Despite all the details covered, Ricks leaves out the importance of the Great Depression in the 1930s backdrop, Roosevelt's political campaign reminding America of how he kept them out of war while at the same time getting ready to enter it, all the politics and history of lend-lease, etc. (David M. Kennedy's book Freedom from Fear covers this period quite well.) He does remark from Orwell and others that Americans became less and less popular in Britain as the war went on. By D-Day, the American contingent numbered 1.6 million and England was virtually occupied. Many British who fretted about the decline of their empire resented Churchill for having traded the British Empire for a new American one. Ricks writes that the relationship between FDR and Churchill is often embellished; they appear to have had little in common other than the common cause of fighting the Nazis. As the war went on, the friendship never really deepened. Churchill, oddly, chose not to attend FDR's funeral in 1945 (perhaps because he was keenly aware of his own mortality) and LBJ reciprocated when Churchill died in 1965.

Neither Churchill nor Orwell ended well, however. Orwell's wife died unexpectedly and Orwell's respieratory problems never improved. Churchill likely had a heart attack while visiting the US in 1943 and suffered from extreme fatigue during the war. Losing the 1945 election was a major blow, and his return to the prime ministership from 1951-1955 is best left forgotten. Ricks writes that the relationship between FDR and Churchill is often embellished; they appear to have had little in common other than the common cause of fighting the Nazis. As the war went on, the friendship never really deepened. Churchill, oddly, chose not to attend FDR's funeral in 1945 (perhaps because he was keenly aware of his own mortality) and LBJ reciprocated by not attending or even sending his VP when Churchill died in 1965.

Ricks reviews all of Orwell and Churchill's works, including each of Churchill's WWII memoirs. The author closes the book with a look at modern citations of Orwell, as various political camps claim Orwell for their side, and Ricks offers opinions about whether he was "right" or "wrong" on certain issues. One takeaway is that now America home to a large intelligence state where information is easily collected and housed. We are also in a state of perpetual war, similar to Oceania. Those wars are increasingly fought by small groups of highly-trained soldiers or even remote-controlled drones in far away places. The use of indefinite detention and torture are now almost expected. Hicks interestingly notes that Churchill freed a Nazi sympathizer in 1943 and included his explanation because it was the right thing for free peoples to do in order not to turn into the totalitarian beasts they were fighting (Orwell applauded the move at the time for the same reason). Churchill stated:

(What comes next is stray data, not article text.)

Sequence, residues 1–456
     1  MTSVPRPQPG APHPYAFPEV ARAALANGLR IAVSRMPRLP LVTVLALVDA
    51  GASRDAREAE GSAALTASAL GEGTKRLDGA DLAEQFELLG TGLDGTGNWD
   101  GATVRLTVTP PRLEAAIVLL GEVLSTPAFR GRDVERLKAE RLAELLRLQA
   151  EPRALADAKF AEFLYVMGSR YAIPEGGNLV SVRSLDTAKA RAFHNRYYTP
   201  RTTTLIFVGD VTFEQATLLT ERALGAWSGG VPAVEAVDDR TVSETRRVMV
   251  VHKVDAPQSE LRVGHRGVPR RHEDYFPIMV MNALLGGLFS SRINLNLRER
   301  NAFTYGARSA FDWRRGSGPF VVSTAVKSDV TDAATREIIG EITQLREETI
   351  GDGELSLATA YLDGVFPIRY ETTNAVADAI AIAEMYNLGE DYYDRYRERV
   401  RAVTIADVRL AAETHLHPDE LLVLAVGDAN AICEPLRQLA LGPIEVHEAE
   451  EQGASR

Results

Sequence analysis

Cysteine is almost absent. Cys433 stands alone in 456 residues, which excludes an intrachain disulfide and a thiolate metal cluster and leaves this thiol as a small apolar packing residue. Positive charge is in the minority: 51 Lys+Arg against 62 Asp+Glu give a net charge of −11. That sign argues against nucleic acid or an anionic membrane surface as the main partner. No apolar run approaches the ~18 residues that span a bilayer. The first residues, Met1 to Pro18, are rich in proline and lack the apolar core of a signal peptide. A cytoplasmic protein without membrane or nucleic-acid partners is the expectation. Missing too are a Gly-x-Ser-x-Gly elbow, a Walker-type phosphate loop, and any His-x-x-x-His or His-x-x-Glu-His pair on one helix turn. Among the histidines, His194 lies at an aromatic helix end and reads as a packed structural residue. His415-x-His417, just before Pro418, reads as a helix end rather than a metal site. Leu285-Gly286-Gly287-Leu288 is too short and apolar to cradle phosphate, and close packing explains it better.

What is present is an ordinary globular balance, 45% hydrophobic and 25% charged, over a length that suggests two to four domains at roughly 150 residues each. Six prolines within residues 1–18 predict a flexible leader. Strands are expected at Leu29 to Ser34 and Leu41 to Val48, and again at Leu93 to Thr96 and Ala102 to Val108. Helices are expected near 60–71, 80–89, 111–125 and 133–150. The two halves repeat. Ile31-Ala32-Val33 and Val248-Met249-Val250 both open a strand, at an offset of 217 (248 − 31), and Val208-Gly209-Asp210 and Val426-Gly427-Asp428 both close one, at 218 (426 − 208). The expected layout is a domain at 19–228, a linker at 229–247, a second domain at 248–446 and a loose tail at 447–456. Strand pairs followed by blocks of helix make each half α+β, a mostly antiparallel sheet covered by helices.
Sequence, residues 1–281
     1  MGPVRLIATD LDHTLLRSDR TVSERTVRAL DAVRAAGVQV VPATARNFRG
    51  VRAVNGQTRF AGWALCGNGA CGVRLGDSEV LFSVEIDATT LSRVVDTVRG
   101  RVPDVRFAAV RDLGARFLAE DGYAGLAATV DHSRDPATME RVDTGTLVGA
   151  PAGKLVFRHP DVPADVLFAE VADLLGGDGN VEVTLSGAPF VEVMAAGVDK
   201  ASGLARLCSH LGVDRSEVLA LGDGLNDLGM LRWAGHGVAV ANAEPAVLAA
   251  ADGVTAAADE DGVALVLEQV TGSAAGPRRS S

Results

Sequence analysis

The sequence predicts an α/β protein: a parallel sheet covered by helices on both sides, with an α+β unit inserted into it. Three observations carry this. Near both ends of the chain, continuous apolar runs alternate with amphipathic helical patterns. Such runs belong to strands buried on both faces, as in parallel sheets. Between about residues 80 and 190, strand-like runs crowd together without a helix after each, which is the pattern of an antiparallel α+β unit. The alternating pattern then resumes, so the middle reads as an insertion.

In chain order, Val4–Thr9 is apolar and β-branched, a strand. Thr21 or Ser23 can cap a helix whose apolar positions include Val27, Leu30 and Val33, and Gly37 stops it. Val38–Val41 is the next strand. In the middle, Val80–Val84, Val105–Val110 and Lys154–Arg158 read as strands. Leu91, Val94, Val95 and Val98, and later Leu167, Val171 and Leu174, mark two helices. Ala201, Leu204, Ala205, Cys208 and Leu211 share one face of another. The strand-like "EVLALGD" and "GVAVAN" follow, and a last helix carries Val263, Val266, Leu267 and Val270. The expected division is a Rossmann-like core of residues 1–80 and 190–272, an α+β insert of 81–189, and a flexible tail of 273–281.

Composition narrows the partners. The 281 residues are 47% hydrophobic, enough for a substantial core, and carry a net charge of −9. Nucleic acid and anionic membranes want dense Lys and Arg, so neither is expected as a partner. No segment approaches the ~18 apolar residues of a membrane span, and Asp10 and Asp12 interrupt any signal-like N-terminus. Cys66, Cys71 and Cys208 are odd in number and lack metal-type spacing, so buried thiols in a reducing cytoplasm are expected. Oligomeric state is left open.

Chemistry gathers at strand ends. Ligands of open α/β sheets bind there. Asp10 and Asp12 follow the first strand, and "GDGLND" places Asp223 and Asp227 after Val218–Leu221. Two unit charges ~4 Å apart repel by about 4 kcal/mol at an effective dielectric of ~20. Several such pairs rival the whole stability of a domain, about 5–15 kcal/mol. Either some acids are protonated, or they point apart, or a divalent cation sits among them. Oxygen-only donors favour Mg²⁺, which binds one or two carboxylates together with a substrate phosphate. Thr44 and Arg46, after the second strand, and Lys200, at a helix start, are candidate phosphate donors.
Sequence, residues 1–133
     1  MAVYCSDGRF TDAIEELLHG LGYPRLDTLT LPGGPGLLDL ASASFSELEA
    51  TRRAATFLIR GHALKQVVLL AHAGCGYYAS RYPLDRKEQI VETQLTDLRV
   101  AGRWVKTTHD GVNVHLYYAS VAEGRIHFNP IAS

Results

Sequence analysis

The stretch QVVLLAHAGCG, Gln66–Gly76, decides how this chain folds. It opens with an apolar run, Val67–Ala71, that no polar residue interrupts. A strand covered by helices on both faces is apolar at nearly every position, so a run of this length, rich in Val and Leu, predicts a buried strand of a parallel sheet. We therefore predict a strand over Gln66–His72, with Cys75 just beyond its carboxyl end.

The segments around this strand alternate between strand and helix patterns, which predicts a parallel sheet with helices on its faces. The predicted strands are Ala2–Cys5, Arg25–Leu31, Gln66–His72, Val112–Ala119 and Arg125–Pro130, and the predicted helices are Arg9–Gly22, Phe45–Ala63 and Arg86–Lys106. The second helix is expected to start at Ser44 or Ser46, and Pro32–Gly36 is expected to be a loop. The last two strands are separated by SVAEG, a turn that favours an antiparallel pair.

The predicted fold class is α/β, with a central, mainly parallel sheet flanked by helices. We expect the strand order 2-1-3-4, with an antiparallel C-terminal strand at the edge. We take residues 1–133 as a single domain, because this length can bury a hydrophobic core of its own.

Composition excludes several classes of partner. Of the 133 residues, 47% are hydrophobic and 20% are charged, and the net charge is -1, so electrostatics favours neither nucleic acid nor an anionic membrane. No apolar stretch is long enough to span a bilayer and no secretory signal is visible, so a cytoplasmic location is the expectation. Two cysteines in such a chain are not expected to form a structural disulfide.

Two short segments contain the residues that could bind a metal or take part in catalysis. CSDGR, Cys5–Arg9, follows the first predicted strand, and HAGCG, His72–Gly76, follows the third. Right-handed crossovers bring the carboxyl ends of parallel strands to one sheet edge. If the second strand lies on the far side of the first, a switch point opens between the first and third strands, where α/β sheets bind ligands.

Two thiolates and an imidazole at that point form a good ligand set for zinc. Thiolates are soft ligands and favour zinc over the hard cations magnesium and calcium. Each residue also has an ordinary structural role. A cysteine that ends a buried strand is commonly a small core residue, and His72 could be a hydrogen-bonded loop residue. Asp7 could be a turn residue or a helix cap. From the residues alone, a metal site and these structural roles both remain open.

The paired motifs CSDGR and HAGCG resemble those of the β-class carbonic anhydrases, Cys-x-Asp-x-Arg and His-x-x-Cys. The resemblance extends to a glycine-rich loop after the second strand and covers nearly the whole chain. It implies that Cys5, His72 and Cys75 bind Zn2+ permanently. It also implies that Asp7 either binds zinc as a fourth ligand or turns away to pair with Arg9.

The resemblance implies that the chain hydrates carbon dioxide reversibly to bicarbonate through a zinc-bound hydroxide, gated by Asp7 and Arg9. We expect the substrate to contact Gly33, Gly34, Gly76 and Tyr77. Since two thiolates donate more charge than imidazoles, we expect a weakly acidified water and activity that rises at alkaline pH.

"The power of the Executive to cast a man into prison without formulating any charge known to the law, and particularly to deny him judgment by his peers for an indefinite period, is in the highest degree odious, and it is the foundation of all totalitarian Governments, whether Nazi or Communist...Nothing can be more abhorrent to democracy than to imprison a person or keep him in prison because he is unpopular. This is really the test of a civilization" (p. 3043).

If you have read Guantanamo Diary, you will definitely agree with this quote.

Somehow, Ricks pulls Martin Luther King, Jr. into his train of thought and the book really concludes awkwardly.

I once lent a copy of Animal Farm to an English student in a former Soviet country where I was working. He was familiar enough with the re-writing of history in his country to appreciate the book, but I never learned if he ever read it. Animal Farm helped me understand the control of thought I saw clearly in the propoganda of Soviet and even post-Soviet textbooks. I started 1984 as a boy but I will now read it quickly and with much more appreciation. (With an understanding of Orwell's personally being plagued by a keen sense of smell and breathing problems.)

I give this book 4 stars out of 5. It is certainly well-researched, but many of the details were unnecessary. Still, these figures and this period are more essential for our time than ever.